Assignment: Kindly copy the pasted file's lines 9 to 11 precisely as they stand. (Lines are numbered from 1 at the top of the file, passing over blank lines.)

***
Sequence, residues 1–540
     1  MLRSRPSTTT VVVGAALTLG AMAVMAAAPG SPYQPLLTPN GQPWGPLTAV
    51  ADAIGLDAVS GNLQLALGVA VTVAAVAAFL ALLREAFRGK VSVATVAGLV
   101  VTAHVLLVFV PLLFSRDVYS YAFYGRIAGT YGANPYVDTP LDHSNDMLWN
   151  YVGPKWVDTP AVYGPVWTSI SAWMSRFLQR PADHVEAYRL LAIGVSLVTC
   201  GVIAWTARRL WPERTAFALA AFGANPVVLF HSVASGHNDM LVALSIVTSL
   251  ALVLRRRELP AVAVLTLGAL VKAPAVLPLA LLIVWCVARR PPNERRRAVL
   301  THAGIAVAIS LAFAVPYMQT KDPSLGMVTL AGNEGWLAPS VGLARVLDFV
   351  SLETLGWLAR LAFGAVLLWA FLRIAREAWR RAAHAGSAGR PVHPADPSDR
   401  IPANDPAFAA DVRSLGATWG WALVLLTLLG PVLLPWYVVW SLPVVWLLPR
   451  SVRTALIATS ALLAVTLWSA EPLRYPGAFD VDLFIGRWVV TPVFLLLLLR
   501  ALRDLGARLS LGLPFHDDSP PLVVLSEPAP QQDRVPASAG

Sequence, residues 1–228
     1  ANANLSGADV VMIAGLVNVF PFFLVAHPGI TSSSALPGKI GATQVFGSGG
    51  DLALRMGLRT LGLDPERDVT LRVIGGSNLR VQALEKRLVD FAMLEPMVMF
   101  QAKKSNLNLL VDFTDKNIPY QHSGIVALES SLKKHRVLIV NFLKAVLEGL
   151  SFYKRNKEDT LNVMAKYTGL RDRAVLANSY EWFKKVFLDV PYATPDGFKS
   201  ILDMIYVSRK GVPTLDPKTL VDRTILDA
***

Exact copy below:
   351  SLETLGWLAR LAFGAVLLWA FLRIAREAWR RAAHAGSAGR PVHPADPSDR
   401  IPANDPAFAA DVRSLGATWG WALVLLTLLG PVLLPWYVVW SLPVVWLLPR
   451  SVRTALIATS ALLAVTLWSA EPLRYPGAFD VDLFIGRWVV TPVFLLLLLR